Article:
and marketers of dairy protein, dairy carbohydrate, and dairy fatbased powders and concentrates [nonfat dry milk (NFDM), skim
milk powder (SMP), milk protein concentrate (MPC), whey protein
concentrate (WPC), lactose, delactosed permeate (DLP), butter
and milkfat]. It involves transfer of existing research information,
technical training, preparation of information bulletins, providing
solutions/information on technical product applications issues
and conducting targeted short-term projects to address specific
applications needs including new food and product development.
Approximately 8,000 square feet of processing area is available
in the pilot plant facilities. Applications support and specialized
analytical capabilities are also available. Sensory expertise is
available for food and beverages by QDA style descriptive testing
and affective/consumer testing with the use of Compusense® Five
or Compusense at-hand software. The plant is fully equipped
for all traditional unit operations for the manufacture of dairy
foods and ingredients and is licensed by the state of California
for commercial manufacture of dairy foods. Additionally, space
is available to accommodate specialized equipment for research
and development projects on a short-term basis. Four analytical
labs support work in the areas of microbial, physical and
chemical analyses of dairy foods and ingredients.
For additional information, visit
www.dptc.calpoly.edu/facilities.html
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CALIFORNIA DAIRY FOODS RESEARCH CENTER
FACILITIES AND EQUIPMENT
DAIRY PRODUCTS TECHNOLOGY CENTER
California Polytechnic State University, San Luis Obispo
EQUIPMENT: – HTST — 270 to 600 gph for ice cream mix, milk, etc., and associated cold milk
separator, batch tanks, pasteurized
surge tanks, CIP systems, etc. (HTST
is a legally sealed unit by the state
of California)
–½-gal. to 1-gal. plastic federal
rotary filler
– Scholle filler for 3- to 6-gal. bags
– Microthermics UHT (direct and
indirect heating) with clean-fill hood
and aseptic homo (25 L/hr.)
– Continuous ice cream freezer (Hoyer
Frigus SF 600) (50 to 150 gal./hr.)
– Ingredient feeder (Hoyer Addus FF
2000 C2) (10 to 200 L/hr.)
– Sawvel cup filler — pint to 3.5 oz.;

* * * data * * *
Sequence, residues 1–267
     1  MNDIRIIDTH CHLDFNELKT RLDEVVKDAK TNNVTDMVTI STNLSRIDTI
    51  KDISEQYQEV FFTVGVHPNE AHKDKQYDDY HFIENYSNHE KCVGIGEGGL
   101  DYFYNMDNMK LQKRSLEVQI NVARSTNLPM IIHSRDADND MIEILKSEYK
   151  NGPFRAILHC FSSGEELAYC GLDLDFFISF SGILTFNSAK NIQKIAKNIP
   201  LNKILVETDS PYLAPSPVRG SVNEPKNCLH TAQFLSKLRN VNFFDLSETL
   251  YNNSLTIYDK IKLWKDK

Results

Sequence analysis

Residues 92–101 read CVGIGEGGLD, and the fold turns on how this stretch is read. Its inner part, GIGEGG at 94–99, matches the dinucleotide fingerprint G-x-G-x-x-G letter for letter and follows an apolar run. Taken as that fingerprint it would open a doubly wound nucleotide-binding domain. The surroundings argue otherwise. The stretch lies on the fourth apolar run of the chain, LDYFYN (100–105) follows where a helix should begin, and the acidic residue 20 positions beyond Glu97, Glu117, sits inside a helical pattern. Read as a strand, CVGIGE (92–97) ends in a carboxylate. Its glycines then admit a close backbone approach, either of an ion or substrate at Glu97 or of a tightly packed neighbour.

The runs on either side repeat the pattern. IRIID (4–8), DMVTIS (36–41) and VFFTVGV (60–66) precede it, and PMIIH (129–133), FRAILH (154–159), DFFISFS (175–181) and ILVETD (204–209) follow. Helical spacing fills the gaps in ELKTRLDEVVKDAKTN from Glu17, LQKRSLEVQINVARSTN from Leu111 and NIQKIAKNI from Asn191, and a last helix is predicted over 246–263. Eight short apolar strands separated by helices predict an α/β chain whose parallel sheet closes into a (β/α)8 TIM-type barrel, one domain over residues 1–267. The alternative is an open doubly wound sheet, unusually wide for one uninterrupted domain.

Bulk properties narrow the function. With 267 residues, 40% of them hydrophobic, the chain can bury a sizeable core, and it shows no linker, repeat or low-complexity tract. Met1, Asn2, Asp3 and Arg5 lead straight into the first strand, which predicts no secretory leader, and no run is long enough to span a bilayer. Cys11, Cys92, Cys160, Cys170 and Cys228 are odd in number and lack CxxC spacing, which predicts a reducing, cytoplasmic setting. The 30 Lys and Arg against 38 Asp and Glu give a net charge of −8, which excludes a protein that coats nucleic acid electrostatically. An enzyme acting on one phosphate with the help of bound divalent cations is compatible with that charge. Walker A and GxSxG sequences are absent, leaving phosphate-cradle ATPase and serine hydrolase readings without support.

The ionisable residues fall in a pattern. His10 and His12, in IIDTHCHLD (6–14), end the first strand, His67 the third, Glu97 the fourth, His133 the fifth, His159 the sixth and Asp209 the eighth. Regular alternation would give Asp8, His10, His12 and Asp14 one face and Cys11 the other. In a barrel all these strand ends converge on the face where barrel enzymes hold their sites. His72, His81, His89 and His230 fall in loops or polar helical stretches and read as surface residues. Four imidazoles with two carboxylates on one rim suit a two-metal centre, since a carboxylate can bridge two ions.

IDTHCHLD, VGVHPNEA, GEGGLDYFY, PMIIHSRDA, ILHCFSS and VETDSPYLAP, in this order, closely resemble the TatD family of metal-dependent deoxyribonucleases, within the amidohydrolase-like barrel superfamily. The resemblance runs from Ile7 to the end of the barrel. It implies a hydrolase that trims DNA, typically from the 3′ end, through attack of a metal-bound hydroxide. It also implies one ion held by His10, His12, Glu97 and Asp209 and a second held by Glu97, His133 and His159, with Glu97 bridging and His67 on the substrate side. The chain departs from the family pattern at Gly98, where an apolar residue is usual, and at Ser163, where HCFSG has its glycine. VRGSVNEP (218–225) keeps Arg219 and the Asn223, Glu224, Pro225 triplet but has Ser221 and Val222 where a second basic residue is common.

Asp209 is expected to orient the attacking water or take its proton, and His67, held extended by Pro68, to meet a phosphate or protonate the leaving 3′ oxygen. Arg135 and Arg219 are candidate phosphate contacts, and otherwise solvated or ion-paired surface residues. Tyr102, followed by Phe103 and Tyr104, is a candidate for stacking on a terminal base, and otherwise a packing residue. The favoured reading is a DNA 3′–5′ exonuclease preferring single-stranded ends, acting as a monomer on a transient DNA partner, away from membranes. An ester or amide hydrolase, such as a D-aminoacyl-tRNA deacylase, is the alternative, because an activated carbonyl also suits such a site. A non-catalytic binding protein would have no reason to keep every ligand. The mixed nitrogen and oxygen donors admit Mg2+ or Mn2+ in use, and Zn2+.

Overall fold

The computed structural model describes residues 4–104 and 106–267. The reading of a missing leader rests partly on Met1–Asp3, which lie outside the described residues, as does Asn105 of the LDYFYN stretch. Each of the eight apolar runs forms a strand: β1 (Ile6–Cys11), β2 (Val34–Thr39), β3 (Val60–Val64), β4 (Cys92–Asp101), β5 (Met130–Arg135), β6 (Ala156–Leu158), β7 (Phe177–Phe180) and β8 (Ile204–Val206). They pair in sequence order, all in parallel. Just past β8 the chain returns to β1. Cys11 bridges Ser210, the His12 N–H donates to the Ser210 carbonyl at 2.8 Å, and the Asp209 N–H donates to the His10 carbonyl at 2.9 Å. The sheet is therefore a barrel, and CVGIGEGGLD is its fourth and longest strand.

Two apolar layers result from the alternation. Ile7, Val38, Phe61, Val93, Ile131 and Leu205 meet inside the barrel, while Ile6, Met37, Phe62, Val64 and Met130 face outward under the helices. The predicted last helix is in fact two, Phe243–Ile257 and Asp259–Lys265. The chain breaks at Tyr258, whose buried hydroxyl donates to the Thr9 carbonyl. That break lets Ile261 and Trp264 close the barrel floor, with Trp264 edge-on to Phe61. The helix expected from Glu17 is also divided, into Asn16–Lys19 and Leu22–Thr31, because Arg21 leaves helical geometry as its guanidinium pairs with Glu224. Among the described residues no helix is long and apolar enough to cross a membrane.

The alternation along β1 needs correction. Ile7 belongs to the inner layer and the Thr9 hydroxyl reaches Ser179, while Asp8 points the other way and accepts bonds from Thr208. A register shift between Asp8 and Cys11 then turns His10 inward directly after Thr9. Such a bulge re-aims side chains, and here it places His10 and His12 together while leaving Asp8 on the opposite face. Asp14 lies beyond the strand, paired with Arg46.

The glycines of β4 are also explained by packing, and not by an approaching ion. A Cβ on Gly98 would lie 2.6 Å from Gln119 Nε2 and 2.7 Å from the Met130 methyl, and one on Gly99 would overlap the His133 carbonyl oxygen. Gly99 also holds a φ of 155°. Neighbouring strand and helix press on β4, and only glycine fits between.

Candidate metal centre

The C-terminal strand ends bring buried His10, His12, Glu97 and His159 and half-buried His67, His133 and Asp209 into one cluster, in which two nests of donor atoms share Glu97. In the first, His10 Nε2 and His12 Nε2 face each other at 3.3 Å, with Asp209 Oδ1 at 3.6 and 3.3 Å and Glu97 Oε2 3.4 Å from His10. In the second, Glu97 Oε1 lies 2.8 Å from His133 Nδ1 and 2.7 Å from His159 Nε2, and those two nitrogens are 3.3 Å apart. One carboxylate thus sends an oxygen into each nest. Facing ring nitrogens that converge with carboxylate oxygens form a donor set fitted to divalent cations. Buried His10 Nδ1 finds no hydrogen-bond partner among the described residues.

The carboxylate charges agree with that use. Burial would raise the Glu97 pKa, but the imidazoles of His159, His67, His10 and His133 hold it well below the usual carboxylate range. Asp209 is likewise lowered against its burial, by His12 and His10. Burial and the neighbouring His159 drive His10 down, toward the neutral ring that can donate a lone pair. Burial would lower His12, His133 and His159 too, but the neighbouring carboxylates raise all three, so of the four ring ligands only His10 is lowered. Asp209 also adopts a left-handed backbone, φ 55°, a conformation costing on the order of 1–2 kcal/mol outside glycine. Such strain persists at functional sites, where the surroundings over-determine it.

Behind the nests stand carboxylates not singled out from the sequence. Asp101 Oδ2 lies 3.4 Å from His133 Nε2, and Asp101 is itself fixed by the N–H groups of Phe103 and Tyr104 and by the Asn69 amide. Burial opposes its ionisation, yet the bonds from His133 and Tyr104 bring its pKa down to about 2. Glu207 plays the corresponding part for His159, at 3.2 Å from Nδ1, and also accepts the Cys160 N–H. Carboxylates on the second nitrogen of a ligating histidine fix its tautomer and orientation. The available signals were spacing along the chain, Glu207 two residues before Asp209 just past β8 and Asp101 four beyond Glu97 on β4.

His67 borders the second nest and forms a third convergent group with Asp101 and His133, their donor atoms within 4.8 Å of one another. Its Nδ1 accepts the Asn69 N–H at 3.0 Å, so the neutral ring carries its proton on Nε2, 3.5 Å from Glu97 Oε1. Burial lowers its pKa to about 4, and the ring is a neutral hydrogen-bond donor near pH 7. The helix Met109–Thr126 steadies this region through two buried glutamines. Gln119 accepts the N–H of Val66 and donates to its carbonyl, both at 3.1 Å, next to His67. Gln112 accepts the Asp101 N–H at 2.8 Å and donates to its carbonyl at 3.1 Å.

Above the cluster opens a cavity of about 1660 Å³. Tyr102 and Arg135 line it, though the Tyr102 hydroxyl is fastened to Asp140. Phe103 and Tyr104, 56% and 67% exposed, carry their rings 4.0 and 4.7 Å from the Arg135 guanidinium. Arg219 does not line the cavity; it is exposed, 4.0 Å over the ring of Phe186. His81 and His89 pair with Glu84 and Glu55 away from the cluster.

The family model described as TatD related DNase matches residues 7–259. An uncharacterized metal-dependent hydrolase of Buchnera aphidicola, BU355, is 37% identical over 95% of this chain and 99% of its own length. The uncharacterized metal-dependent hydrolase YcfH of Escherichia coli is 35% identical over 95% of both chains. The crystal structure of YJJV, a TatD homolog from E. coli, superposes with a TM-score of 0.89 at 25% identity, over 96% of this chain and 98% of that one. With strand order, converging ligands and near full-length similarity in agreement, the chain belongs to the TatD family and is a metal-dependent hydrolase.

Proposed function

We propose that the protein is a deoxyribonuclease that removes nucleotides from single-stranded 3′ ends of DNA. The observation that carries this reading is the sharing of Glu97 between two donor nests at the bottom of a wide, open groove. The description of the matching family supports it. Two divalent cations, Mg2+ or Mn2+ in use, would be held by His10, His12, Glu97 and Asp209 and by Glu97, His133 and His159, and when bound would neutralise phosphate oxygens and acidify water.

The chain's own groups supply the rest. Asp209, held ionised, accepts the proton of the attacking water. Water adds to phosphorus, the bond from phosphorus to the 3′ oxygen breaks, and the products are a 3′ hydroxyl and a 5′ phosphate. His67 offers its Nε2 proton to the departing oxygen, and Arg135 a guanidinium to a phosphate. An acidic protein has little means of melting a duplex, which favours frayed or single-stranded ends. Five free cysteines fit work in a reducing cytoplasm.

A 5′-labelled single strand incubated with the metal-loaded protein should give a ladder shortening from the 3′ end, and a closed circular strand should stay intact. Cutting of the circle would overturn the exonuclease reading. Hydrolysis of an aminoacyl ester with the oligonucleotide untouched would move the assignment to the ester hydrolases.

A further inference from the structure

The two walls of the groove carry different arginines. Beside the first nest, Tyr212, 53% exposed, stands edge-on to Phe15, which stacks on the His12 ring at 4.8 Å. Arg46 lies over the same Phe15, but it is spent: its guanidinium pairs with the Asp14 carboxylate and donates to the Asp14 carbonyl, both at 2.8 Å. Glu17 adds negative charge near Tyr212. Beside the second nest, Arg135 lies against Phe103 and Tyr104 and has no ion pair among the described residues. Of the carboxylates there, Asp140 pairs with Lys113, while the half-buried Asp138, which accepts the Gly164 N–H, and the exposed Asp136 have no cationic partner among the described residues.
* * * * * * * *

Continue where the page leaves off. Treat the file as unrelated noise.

35 cups/minute (pint)
– Emery Thompson batch ice cream
freezer (40 qt.)
– Egli continuous pilot-scale butter churn
(1 to 2 lbs./min.)
– PMS 30-gal./hr. HTST with two-stage
homogenizer
– Technogel 100 L/hr. continuous ice
cream freezer
– Marriott Walker rising film evaporator
(100 lbs./hr. evaporative capacity)
–
Open-water jacketed cheese vats
(Stoelting 500 gal., Stoelting 3 to
50 gal., Kusel 2 to 100 gal. with
drain table)
– 2 Universal 50-gal. specialty cheese vats
– 150-gal. Damrow Double-O enclosed
cheese vat
CONTACT: A. CHARLES CRABB, PH.D.
Interim Director
805-756-6101
[email protected]
– Blentech process cheese cooker
(50 to 100 lbs.)
– Stefan process cheese cooker
(5 lbs.)
– Suprema pasta filata system
(mixer/molder and cooker/stretcher)
– Koch vacuum packaging system
(1- to 40-lb. block)
– Miscellaneous tanks and pumps
– High-shear Silverson mixer
– 4 Groen process steam kettles
(40 to 60 gal.)
– 2 APV conical bottom swept-surface processors (100 gal.)
– Legal batch pasteurizer system
(200 gal.)
– 4-booth sensory evaluation area with test/preparation kitchen and
Compusense software system
– Controlled atmosphere cold storage
(approx. 3,000 sq. ft.)
– Cold storage (-15 to -40 F)
(approx. 200 sq. ft.)
– Spiral-wound DDS UF and RO system
(50 to 100 L/hr.)
– Niro Pilot R-12 MF/UF/RO system
(60 to 90 gal. feed/min.)
– Niro Filterlab spray dryer FLG-60
(60 lb./hr. water evaporation rate,
capable of drying milk, whey and
agglomeration)
– Small pilot-scale supercritical carbon
dioxide fluid extraction system
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CALIFORNIA DAIRY FOODS RESEARCH CENTER
SUPPORTING ANALYTICAL EQUIPMENT
Fast-performance liquid chromatograph
Separation analysis and isolation of proteins
from milk, whey and dairy products
Capillary electrophoresis
Analysis of proteins, DNA and RNA
Pulsed field gel electrophoresis
DNA-based differentiation of probiotic lactic
acid bacteria
Gel electrophoresis acrylamide
Analysis of proteins and peptides: native,
denaturing, urea, gradient and twodimensional
Preparative isoelectric focusing
Isolation and characterization of proteins
Gel densitometer
Individual protein concentration determination
PCR thermal cycler
DNA characterization, bacteria identification
and determination, gene manipulation, etc.
ELISA plate reader
Multiple antibody and enzymatic assays for milk
product component analysis or microbiological
safety
Membrane transfer platform
Northern, southern and western blots of RNA,
DNA, and protein analysis and identification
Dot blot instrument
Antibody and enzyme quantification and
titration
Ultracentrifuge
Sedimentation of milk and cellular components
Phase contrast microscope
Microbiological analysis of spores
Digital imager
Quantification and record-keeping of dairy
product sample structure and composition
Pilot plant scale affinity
chromatography column
Large scale-up of laboratory affinity
chromatography procedures